if you're writing any application, most problems you'll need to solve have already been solved, by someone

think of your application as a remix of existing solutions. what existing solutions is your application made of? How do they fit together?

recently my friend told me he was implementing elementwise addition in his webapp. you should never have to implement elementwise addition. there is a module for this, which someone has already tested

"but npm modules are for node!", you say

nonesense, npm modules are for the front-end, too

this tutorial is expanded from a conversation with my friend ben, where i tried to convince him that npm was worth his time. ben, like myself, and like many readers here, is not a professional software developer. but we all need to develop for the web sometimes. how can we stay productive?

npm is for lazy people, for whom software is a means, not an end. this tutorial is for us.

all code for this tutorial is available here, on github

using require in front-end code

make sure you have node and npm

make a new directory, cd into it, and

npm init

press enter through the wizard.

okay, now let's install this package

npm install compute-add 

write a very simple script that requires this package, element-wise adds 2 simple arrays, and console.logs the result

var add = require('compute-add')
var out = add( [1,2,3,4,5],  [1,2,3,4,5] )
console.log(out)

once you've written your script, make a file index.html with this content

<!doctype html>
<script src="bundle.js"></script>

bundle.js doesn't exist yet, we're about to generate it

do:

npm install -g browserify

then,

browserify my-cool-script.js -o bundle.js

open that index.html file to see if it worked.

now open bundle.js to see what happened.

that extra code up top exposes those names you're requiring, making the namespace and scope work the way you'd expect

ben: so browserify makes a bundle for you
ben: basically, it is "compiling" your code
ben: by just dumping the requirements into the main file

exactly

it is "bundling" (but not interpreting)

watch for changes

now, let's see how this can get really nice

npm install -g watchify

and, like before,

watchify my-cool-script.js -o bundle.js

now you can change my-cool-script.js, and it will automatically compile into bundle.js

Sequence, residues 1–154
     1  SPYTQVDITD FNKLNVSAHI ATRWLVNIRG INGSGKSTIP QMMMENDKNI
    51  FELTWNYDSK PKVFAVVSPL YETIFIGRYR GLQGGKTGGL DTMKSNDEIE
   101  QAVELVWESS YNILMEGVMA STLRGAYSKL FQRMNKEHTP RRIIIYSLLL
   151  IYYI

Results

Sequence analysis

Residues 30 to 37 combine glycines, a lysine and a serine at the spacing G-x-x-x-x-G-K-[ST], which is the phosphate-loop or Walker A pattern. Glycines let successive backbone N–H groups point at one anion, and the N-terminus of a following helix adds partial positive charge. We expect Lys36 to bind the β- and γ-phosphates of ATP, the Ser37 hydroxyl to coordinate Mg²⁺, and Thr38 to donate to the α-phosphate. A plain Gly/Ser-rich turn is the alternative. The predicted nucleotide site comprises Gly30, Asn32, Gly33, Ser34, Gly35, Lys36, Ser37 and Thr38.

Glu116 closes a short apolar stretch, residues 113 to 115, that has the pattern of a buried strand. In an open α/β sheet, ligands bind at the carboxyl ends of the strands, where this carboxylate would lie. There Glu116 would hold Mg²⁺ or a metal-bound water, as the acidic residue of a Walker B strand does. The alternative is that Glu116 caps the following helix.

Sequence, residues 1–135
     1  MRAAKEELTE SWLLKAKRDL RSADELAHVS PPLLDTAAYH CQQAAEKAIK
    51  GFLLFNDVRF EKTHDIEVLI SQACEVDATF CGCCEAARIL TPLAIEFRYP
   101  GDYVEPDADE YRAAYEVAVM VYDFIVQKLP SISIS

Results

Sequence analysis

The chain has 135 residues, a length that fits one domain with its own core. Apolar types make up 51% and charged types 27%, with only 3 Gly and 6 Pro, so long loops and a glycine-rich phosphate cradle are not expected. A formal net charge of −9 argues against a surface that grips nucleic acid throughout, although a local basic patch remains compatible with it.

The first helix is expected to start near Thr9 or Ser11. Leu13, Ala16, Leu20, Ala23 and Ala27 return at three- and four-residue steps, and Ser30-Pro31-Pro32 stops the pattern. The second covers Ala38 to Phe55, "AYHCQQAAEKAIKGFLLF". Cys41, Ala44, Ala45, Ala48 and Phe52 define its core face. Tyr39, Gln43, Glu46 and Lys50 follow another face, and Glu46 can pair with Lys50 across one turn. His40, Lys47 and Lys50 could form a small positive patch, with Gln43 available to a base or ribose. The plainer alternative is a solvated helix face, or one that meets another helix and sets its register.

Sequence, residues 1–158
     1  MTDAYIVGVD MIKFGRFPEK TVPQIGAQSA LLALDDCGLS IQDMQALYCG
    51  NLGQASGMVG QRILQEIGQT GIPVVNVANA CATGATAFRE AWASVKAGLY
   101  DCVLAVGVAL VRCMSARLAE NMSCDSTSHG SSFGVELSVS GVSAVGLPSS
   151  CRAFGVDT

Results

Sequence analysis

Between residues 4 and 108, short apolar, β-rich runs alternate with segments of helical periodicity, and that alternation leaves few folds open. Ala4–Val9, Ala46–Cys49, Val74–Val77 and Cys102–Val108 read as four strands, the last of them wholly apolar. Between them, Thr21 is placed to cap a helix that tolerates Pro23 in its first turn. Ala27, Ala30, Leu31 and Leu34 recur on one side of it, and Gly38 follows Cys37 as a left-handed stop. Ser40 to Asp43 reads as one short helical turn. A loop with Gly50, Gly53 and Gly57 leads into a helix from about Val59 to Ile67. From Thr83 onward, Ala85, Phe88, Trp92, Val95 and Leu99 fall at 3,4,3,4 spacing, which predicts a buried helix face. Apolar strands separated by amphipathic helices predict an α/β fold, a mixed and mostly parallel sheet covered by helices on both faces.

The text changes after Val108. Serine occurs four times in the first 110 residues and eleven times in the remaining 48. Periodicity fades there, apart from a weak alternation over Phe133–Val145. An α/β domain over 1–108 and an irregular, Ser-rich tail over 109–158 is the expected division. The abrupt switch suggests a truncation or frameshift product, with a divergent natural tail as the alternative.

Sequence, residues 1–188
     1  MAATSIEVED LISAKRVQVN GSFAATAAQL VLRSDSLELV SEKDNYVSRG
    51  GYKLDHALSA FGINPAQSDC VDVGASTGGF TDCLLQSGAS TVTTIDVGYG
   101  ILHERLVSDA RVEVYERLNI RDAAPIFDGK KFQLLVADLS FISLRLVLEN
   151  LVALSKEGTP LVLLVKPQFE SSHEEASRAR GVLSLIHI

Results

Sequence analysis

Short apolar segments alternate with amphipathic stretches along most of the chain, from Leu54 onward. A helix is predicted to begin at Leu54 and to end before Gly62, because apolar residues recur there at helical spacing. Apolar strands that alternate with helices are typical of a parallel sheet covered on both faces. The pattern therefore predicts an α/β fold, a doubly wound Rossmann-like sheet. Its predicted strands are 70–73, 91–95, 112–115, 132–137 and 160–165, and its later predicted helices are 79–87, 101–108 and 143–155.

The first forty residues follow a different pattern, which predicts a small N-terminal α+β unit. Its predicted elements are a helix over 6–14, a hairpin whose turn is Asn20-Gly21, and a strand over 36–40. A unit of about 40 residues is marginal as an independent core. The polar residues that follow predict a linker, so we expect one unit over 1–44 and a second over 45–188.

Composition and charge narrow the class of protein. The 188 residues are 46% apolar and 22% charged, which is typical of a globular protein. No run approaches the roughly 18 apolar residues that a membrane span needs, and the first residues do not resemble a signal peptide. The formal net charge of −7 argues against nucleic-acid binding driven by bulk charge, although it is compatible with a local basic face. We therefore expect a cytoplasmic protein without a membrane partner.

it will also throw syntax errors, which is nice

try editing your js script, and refreshing the browser to assure that this works

ok, now open up package.json. find the part that looks like:

"scripts": {
   "test": "echo \"Error: no test specified\" && exit 1"
 },

see that this bit runs some bash command?

change this line to

"scripts": {
   "watch": "watchify my-cool-script.js -o bundle.js"
 },

now you can

npm run watch

and edit your js file freely, npm installing packages and requireing them in your script. it'll all compile for you on the fly.

save your dependencies

finally, one last, very important tip

when you install a package:

npm install --save [package]

that --save will list the dependency in package.json.

with your dependencies listed in that package.json file, you can start with your project on a fresh machine, and just npm install to setup your environment.

conclusion

  • npmjs.com is an amazing resource full of excellent code. building your webapps from that stuff will save you a ton of time.

  • you can use require in your front-end scripts! just use browserify watchify.

  • automate your workflow through npm scripts! (like npm run watch, above).

  • npm --save your dependencies for projects that are easy to distribute and setup.

so much good software is on npm. packages tend to be UNIX-y -- of the "one thing well" variety. the idea is that simple components interact with obvious interfaces. this way, you can glue stuff together to build more complicated applications.

so, think: what npm modules is your application built out of? search npm, write stuff down, try to piece together existing solutions on a whiteboard. you can save yourself a lot of development time with this stuff.